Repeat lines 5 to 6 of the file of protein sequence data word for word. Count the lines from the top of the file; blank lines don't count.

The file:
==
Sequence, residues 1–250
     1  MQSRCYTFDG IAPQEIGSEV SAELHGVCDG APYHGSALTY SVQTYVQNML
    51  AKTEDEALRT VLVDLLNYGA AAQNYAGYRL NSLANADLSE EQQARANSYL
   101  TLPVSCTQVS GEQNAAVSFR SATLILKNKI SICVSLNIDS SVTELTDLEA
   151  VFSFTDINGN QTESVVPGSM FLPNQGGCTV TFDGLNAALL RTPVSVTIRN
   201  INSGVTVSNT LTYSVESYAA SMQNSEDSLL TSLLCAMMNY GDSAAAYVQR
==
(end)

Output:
   151  VFSFTDINGN QTESVVPGSM FLPNQGGCTV TFDGLNAALL RTPVSVTIRN
   201  INSGVTVSNT LTYSVESYAA SMQNSEDSLL TSLLCAMMNY GDSAAAYVQR